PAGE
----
Companies like Roblox and Fortnite have already created embryos of metaverses on their platforms. Epic Games, the developer of Fortnite has raised close to $1bn as capital towards its metaverse ambitions and is most-primed to profit from its advent. 

FYI: In April 2021, Fortnite hosted five virtual concerts by Travis Scott, who appeared as an avatar in the game. The event was followed by more than 12 million gamers. 

In fact, Microsoft has revealed its own plans to launch an "enterprise metaverse" due to its unique position and AI capabilities to help companies develop metaverse apps. Which brings us back to the premise that (a) no single company is meant to own or run the metaverse, and (b) Facebook isn't the only company betting big on it. 

The VR market is estimated to grow from $3.1bn in 2019 to $57.55bn in 2027. Plus, the revenue generated from virtual reality businesses is projected to shoot up to $390bn by 2025. But it's not just the "because money" rationale that is garnering heavy investments from companies on a concept that some might write off as science fiction. 

Facebook is uniquely poised with its rich user roster and cross-continental digital presence to bring the metaverse reality onto people's palms. Social media's role in amplifying digital presence, in a way, began with the launch of Facebook and it is perhaps only fitting that the company remains instrumental in taking it to the next level. 

But it runs deeper than that. One of the things stirred by the pandemic is the need for the growth of remote functionality. Maintaining a virtual presence is no longer a figment of the fantasy movie genre but a necessity owing to social-distancing protocols and other interactive embargoes (travel restrictions, cross-border migration etc.). 

This is where the metaverse could augment one's shared realities. With an increasing number of people spending their time online, there is an expectation that the internet is where people will maintain their continued presence and spend their money. Wherever people spend money is where newer aspects of culture and society and, eventually, the economy will follow.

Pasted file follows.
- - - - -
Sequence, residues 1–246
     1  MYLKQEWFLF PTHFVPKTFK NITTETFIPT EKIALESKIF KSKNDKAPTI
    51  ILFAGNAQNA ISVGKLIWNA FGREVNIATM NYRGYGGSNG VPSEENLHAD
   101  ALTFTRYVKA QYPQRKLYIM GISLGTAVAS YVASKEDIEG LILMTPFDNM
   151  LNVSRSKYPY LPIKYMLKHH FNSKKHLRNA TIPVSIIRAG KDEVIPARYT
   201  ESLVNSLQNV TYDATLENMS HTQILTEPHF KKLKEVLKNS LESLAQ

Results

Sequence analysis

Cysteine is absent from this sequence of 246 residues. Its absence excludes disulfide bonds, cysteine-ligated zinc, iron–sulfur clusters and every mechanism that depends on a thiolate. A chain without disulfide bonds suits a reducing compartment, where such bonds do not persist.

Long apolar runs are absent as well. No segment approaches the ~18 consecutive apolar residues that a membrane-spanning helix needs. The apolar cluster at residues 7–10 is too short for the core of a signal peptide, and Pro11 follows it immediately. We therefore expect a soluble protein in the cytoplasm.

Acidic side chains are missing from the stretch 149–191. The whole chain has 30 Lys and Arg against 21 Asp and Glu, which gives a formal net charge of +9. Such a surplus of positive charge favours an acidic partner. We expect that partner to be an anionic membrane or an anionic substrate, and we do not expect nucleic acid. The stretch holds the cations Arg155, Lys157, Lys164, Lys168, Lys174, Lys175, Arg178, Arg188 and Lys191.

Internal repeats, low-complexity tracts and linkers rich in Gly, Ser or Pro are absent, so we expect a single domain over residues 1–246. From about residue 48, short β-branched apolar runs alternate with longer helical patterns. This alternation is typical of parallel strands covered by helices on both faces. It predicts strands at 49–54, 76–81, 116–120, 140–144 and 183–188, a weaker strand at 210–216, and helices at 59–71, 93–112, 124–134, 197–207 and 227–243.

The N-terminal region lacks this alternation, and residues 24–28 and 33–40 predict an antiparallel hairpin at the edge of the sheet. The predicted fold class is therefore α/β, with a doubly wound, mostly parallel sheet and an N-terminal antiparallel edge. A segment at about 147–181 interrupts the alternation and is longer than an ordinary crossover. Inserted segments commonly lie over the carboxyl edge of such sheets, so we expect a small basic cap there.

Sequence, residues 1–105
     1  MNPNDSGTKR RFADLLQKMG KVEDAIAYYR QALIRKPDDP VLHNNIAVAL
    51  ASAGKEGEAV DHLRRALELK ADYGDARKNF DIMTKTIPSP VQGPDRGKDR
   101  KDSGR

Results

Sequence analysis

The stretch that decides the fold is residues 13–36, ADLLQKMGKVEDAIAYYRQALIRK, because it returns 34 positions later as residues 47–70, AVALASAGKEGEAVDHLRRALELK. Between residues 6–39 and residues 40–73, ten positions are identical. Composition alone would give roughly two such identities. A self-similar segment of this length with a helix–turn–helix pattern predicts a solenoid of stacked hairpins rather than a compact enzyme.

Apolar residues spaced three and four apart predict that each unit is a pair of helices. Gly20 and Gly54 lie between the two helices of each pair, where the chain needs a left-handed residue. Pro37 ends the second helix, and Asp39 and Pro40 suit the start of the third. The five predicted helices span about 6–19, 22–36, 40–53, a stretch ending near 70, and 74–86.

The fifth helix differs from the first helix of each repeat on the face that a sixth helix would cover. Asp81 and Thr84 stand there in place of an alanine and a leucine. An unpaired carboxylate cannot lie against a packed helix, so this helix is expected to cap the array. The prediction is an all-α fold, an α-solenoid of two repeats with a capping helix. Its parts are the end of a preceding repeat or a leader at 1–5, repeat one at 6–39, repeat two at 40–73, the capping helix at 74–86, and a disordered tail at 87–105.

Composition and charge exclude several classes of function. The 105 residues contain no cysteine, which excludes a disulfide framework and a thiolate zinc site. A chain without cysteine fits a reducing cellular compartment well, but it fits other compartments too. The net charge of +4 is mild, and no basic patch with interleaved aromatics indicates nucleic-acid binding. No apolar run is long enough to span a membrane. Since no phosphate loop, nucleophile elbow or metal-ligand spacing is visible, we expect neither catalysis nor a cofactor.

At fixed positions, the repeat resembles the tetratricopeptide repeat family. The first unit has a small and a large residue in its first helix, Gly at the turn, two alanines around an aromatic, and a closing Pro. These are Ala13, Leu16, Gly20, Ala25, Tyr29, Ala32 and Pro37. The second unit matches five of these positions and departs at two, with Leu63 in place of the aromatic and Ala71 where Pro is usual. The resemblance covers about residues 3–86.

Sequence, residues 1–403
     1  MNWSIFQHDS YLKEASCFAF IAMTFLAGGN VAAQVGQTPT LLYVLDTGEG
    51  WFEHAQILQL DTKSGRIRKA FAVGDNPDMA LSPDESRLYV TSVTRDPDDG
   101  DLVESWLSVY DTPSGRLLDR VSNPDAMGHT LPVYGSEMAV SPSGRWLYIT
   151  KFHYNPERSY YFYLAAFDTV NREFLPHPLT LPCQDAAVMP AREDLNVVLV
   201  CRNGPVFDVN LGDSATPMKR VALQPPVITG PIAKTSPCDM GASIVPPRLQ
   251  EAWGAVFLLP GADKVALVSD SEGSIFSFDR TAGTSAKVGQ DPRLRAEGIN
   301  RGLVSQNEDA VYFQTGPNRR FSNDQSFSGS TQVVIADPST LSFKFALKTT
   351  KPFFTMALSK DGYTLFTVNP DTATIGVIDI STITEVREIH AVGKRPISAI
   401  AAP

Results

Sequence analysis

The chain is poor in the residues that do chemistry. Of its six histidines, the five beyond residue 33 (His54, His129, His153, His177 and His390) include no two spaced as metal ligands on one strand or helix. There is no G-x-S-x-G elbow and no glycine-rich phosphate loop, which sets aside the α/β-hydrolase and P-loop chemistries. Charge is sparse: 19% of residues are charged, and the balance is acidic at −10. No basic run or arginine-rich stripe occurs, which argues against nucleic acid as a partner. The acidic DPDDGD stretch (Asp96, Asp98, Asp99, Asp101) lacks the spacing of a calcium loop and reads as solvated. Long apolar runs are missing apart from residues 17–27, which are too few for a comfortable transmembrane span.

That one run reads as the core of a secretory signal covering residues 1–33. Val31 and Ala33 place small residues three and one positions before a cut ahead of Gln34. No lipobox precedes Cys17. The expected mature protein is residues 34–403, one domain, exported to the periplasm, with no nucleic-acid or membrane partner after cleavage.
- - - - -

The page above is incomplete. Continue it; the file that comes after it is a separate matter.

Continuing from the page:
Virtual reality also develops use cases beyond entertainment such as physical identification - passports, driver's license, Aadhaar etc. The spatial awareness and digital embodiment of one's identity will make a crucial play in a society where everyone is interested to know about everyone's life and choices, be it real or virtual. The gold-standard of real-world identity proof may no longer be necessary for creating authentic user experiences. 

 

The Matrix Downloaded

Although there is still no consensus on any concrete version of what the metaverse may look like, the converging interests of the gaming, tech, software and social media companies in the area is fomenting the idea of a shared and all-encompassing metaverse in the future. 

But regardless of whatever forms it takes, the metaverse will require the evolution of technology across infrastructure, consumer-friendly hardware and simplified digital interfaces. And that is where companies like Facebook and Microsoft stand to gain from their early inroads into the industry. 

But the creation of a communal cyberspace of this scale also requires standardisation and cooperation among these tech players who are not prone to collaborating with competitors. However, when you think about the scale of the digital economy that stands to be created out of the metaverse, it could be too enticing for companies to shy away from and ultimately enable a massive exercise in cooperation. 

Not only that, but its massive implications on society will create new opportunities and challenges for marketing, communications and branding. It's how the protagonist from Ready Player One narrates: 

People come to the OASIS for all the things they can do, but they stay for all the things they can be.

The OASIS is the 21st century metaverse. 

FIN.